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This article was published on May 11, 2021

Sennheiser’s sold its consumer audio business and I hate it

Nope. Nope nope nope. Nope.

Sennheiser’s sold its consumer audio business and I hate it
Callum Booth
Story by

Callum Booth

Editor of Plugged by TNW

Callum is an Englishman in Amsterdam, but not in the way you're thinking. He's the Editor of Plugged, TNW's consumer tech vertical. He w Callum is an Englishman in Amsterdam, but not in the way you're thinking. He's the Editor of Plugged, TNW's consumer tech vertical. He writes about gear, gadgets, and apps — with a particular focus on Apple — and also makes the occasional odd video. Basically, he's halfway between an abrasive gadget nerd and thinky art boy.

You know when a company sells off a beloved business and stuff goes really well afterwards? Yeah, me neither. So please join me in pouring one out for Sennheiser.

The unthinkable has happened: audio brand Sennheiser has sold off its consumer products. That means beloved bits of kit like the Momentum True Wireless 2, the HD 820, and the Momentum 3 will no longer be made in-house by the acclaimed company.

But let’s backtrack.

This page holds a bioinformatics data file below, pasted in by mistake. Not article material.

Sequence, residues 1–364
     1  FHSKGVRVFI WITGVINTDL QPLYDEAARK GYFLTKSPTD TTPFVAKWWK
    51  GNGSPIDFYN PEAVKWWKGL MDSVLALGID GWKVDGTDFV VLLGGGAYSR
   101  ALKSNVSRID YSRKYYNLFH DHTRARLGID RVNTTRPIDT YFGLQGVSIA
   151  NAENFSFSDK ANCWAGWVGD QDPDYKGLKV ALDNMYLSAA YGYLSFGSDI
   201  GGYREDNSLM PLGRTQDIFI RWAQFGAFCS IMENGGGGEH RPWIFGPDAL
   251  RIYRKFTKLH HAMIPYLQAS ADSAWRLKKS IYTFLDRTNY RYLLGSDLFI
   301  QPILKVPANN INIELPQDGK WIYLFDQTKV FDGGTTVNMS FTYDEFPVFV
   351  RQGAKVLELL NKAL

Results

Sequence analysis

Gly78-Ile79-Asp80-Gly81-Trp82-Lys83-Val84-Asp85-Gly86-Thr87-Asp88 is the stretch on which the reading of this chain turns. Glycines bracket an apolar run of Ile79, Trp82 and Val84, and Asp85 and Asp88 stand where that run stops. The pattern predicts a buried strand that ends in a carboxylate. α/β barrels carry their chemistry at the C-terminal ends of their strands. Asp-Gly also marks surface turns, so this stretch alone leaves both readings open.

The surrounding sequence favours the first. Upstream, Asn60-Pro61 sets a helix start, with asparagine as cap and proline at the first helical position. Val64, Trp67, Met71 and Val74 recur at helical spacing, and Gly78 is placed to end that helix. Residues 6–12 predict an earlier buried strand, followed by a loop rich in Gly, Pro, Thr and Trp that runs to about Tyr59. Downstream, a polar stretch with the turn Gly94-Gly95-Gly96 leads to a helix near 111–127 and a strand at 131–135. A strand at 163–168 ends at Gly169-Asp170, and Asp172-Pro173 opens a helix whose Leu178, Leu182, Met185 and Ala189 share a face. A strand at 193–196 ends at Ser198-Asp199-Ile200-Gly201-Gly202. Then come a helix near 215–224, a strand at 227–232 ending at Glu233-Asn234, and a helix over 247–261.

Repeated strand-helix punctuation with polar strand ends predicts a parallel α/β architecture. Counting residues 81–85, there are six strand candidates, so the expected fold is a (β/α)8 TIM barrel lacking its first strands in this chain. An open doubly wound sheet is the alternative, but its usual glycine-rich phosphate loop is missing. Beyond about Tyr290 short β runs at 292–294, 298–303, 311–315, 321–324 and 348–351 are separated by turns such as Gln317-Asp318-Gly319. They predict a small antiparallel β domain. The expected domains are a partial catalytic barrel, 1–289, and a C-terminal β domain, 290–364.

Sennheiser signalled its ambition to sell the consumer part of its company in February. It’s now found a buyer: Sonova, a Swiss company that’s best known for making hearing aids.

Sennheiser refers to this a, umm, “cooperation.” But here is where we bump into the first problem.

The press release states that Sennheiser’s consumer electronics arm has 600 people currently working for it. There’s no word on how many of these will “transfer” across. But you can bet on one thing: it won’t be all of them. It may not even be most of them.

Momentum 3
Sennheiser selling its consumer audio business means we may no longer see a world-beating pair of headphones like these, the Momentum 3. SAD.

At the end of the day, Sonova hasn’t purchased Sennheiser’s consumer arm out of the goodness of its heart. It’s done so to make money. Getting a return on this investment is its end goal. And this is bad news for audiophiles and lovers of Sennheiser equipment.

I have no doubt the next few audio products The Company Formerly Known As Sennheiser (But Still Called Sennheiser) releases will live up to its strong reputation, probably because most of the work on these bits of hardware has already been done. A slide in quality seems inevitable.

One assumes Sonova will slash Sennheiser’s workforce and ship its top minds to work on its hearing aid business. Sonova will then coast on Sennheiser’s reputation for a steady stream of sales, despite slowly declining quality.

This isn’t a crazy statement — I’ve written about this sort of brand license buy-out before. I don’t think it’ll go as badly as Blackberry or Atari, but I do think the days of Sennheiser being near the top of the consumer audio tree are numbered.

I hope I’m wrong, I really do. The Sennheiser Momentum headphone range have long been one of my favorites — I’m wearing a pair as I type this — and it hurts to think they won’t be able to compete at the top of the pile for much longer. I struggle to see any other way it’ll pan out though.

All that’s left to do is enjoy the memories we had together. See you in Valhalla, Sennheiser headphones.

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